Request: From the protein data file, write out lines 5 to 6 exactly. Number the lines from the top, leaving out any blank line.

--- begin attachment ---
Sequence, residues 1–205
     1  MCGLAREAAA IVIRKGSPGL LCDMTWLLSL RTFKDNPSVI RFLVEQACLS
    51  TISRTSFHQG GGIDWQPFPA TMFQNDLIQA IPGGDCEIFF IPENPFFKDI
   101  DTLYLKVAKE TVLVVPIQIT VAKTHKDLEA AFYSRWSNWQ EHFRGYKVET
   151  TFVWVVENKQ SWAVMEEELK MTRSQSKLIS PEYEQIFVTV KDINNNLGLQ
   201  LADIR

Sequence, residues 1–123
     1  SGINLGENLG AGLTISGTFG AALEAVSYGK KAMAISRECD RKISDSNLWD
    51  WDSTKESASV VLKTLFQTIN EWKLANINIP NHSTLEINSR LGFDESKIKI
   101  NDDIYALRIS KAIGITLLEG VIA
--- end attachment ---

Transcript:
   151  TFVWVVENKQ SWAVMEEELK MTRSQSKLIS PEYEQIFVTV KDINNNLGLQ
   201  LADIR